The house spent on transpacific flights
pass like a sandstorm through the Kazakh steppes,
lodging a single grain—an irritant
to memory—within the furrowed cortex.
Nacred by revolving doubt, it grows
a pearl as black as the ocean depths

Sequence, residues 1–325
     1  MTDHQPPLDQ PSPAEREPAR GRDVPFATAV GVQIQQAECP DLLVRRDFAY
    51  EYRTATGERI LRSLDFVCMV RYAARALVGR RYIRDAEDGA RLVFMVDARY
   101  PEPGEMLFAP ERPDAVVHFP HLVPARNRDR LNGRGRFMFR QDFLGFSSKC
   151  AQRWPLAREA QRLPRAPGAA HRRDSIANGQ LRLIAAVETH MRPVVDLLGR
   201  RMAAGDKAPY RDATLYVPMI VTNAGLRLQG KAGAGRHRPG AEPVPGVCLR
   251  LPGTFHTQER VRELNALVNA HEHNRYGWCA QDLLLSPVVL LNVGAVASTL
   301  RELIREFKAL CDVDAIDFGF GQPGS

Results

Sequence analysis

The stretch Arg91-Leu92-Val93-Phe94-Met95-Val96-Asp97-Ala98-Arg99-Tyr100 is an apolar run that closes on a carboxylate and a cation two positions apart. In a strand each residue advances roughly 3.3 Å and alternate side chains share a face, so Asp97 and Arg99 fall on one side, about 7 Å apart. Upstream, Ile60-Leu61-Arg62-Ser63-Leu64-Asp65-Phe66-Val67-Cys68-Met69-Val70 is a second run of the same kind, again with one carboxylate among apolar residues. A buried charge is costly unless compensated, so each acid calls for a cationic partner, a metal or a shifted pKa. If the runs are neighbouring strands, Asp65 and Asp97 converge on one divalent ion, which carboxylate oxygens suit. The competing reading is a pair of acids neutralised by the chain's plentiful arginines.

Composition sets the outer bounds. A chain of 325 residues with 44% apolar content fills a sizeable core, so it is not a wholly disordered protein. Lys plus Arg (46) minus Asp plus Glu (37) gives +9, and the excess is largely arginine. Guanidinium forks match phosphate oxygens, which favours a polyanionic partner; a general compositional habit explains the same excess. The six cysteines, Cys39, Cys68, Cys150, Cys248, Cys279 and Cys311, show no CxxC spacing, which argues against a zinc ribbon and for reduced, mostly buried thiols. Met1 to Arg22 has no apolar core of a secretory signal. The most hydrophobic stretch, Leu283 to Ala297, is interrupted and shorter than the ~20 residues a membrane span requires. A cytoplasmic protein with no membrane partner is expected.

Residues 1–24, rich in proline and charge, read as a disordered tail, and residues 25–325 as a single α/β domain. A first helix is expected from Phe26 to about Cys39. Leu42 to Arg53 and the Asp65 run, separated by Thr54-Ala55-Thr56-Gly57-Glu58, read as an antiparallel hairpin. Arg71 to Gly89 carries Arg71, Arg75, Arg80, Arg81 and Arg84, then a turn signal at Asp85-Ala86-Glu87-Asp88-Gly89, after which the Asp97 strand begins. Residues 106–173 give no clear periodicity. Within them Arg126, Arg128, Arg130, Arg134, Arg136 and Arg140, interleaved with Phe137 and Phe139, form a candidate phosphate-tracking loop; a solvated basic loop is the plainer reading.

and lustrous as the moon
through sublimated ice.
This pearl outlives its host—and can be bought
in Shanghai, from an unassuming shop
on the French Concession’s western edge.
The jeweler plucks it from a velvet box
and cups the pearl like a Dramamine
in the hollow of her outstretched palm.
She stands like that, expectantly,
revolving shapes to come.